50 Shades of Obiter
7 February 2014 | By Amy Woolfson
31 October 2013
6 August 2013
11 September 2013
22 August 2013
24 September 2013
Amy Woolfson gets her Latin on to explain the concept of obiter…
The English legal system is founded on the doctrine of stare decisis, often translated as ‘let what has been decided stand’. Put simply, a court will follow the decisions of those courts which it is bound by, where the material facts of the case under consideration are the same as a previously decided case.
New law students soon learn that judgments contain two types of reasoning. There is the ratio decidendi, usually shortened to ratio, which roughly translates as ‘the reason for the decision’. This is the core of a decision, where the judge states what the law is, as it specifically applies to the facts of the case. All cases have a ratio, and where the court deciding the case is sufficiently senior (i.e. the High Court or above), that ratio will be capable of binding lower courts.
Any judicial reasoning that is not core to a decision is classed as obiter dicta, or just obiter, which can be translated as ‘things said by the way’. This is not capable of binding a lower court but it can be persuasive. One example of this is dissenting judgments, where a judge may disagree with his or her colleagues as to what the outcome of a case should be, or agree as to what the outcome of the case should be but give different reasons for doing so. Other sources can be persuasive too, including overseas judgments, Hansard (the official report of what is said in Parliament) and Law Commission reports.
What’s the point of obiter?
Well, despite hundreds of years of reported English cases, novel situations still pop up. Often, there will be no clear authority that applies to the facts. Or perhaps the ratio of the leading case, when applied to the facts of your case, does not produce the result that justice (or your client) demands. This is when persuasive sources become invaluable to making a legal argument. The task of the lawyer or the law student is often to explain why one persuasive argument should be considered more persuasive than another.
Is all obiter the same?
Well no: hopefully by now you are realising that there are in fact, many shades of obiter. When using an obiter source, it is vital to recognise how persuasive it is and treat it accordingly. Here are a few ideas to help with this:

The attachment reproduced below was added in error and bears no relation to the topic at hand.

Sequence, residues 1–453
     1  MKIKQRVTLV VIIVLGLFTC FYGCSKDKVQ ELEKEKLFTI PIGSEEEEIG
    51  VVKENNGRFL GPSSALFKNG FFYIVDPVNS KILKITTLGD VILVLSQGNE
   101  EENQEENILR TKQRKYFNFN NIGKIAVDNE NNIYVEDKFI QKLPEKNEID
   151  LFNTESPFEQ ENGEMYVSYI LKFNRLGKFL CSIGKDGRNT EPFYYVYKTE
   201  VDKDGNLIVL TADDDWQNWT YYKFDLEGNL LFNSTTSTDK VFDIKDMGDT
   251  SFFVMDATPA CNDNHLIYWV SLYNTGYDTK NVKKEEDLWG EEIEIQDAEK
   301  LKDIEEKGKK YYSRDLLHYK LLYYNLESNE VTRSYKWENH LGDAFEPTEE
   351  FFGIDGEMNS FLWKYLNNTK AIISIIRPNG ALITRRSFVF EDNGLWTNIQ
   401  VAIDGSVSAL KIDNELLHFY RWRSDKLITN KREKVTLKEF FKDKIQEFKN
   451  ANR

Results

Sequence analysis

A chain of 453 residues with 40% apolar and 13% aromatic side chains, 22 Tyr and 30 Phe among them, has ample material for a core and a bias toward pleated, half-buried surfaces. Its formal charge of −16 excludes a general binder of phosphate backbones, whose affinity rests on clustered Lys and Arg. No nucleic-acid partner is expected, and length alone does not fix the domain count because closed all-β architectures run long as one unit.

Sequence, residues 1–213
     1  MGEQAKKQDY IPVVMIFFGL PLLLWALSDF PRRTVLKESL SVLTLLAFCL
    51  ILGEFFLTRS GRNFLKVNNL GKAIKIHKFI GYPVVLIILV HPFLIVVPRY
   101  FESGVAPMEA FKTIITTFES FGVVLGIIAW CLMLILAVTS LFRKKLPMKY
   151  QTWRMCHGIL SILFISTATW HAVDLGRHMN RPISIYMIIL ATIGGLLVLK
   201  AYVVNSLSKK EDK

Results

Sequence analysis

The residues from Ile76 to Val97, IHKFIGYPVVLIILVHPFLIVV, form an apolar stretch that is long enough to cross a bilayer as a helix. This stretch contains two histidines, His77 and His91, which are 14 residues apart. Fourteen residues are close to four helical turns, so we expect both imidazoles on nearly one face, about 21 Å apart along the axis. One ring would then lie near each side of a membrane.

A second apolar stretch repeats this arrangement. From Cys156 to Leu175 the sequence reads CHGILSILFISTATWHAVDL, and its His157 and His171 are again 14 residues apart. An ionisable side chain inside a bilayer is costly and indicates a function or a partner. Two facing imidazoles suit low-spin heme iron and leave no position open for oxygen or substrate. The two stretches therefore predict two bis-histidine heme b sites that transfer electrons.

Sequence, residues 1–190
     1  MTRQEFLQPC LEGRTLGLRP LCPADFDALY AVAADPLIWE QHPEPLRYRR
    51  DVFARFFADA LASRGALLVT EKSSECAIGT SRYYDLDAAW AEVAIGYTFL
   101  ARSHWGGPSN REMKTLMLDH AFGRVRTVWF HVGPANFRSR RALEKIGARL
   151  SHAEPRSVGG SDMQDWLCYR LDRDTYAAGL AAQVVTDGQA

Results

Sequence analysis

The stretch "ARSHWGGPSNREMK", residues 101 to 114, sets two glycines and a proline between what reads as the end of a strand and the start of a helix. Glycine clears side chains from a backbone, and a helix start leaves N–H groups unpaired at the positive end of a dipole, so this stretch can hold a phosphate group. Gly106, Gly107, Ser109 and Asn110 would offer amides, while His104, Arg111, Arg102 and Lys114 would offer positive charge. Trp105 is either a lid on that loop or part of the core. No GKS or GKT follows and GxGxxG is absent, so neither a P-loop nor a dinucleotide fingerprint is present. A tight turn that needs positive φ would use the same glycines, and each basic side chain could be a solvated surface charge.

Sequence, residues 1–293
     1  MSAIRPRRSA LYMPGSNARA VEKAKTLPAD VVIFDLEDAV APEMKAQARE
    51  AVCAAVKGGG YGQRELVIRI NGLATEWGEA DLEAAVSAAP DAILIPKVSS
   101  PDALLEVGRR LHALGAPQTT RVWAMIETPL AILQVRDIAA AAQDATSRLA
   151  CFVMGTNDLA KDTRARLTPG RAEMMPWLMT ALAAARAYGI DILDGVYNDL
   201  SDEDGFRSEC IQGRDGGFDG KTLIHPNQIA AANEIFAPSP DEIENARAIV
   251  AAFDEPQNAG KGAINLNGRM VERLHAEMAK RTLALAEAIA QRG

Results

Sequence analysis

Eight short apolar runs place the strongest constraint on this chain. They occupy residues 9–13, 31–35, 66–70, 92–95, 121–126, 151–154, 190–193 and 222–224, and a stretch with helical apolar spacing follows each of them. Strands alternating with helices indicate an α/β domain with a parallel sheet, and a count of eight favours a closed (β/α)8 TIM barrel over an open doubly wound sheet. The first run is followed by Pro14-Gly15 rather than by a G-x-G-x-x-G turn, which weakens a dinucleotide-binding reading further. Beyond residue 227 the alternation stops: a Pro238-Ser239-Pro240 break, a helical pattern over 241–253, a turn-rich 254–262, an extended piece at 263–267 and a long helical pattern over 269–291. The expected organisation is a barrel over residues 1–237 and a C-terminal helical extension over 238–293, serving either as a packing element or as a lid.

- Who said it, and where?
In case law, the more senior the judge, the more persuasive the obiter is likely to be. So a statement that forms part of a dissenting judgment in the Supreme Court is likely to be more persuasive than the same statement made in a dissenting judgment in the Court of Appeal.
When considering overseas judgments, jurisdictions which were founded in the English common law can be a useful source of obiter. But be aware that over time, the country’s legal system may have diverged significantly from ours. For example, both Australia’s and New Zealand’s legal systems have their foundation in the English common law. But while Australian authorities on tort can be useful, legislative developments in New Zealand since the 1970s have made the Kiwi authorities less helpful.
The Judicial Committee of the Privy Council can be viewed as a hybrid between a domestic and an overseas court. It is the highest court of appeal for a number of current and former Commonwealth countries (such as Jamaica and Mauritius), crown dependencies like Jersey and Guernsey, overseas territories and military sovereign bases. The Judicial Committee of the Privy Council does not form part of the hierarchy of courts in England and Wales and so its judgments are not binding here. But some of the judges from the Supreme Court also sit on the Privy Council, meaning that their judgments can be highly persuasive. See R v Mohammed  EWCA Crim 1880, where the Court of Appeal chose to apply a Privy Council judgment over a House of Lords judgment that was widely considered defective.
- What happened next?
Obiter does not stand still. It can become more or less persuasive over time. So it is vital to check what has happened since the statement you are seeking to rely on was made.
For example, if the Law Commission (the independent body tasked to review and recommends reforms of English and Welsh law on behalf of Parliament) has proposed a change in the law, this can be persuasive. But if the proposal has been roundly condemned, or just plain ignored by the politicians then it will become less persuasive or not persuasive at all.
On the other hand, obiter comments sometimes become elevated beyond their original status. A classic example of this is Lord Denning’s comments in Central London Property Trust v High Trees House  K.B. 130. In it, Denning stated that an action to recover full rent where the landlord had agreed to a reduction for the duration of World War II would have failed. As the landlord was only seeking to recover rent from after the war had ended, these comments could only be obiter but nonetheless the comments have been followed in subsequent cases and High Trees is often described as the foundation of the law on promissory estoppel.
The doctrine of stare decisis might at first suggest that the authoritative argument will always win. But as stated above, there will not always be an authoritative argument that fits squarely with the facts of your case. Knowing how to evaluate and deploy persuasive authorities with confidence will help you to win arguments that are on the margins. And that’s where a lot of the interesting stuff happens in law.
Amy Woolfson recently graduated from the Open University. Read all her blogs for Lawyer 2B.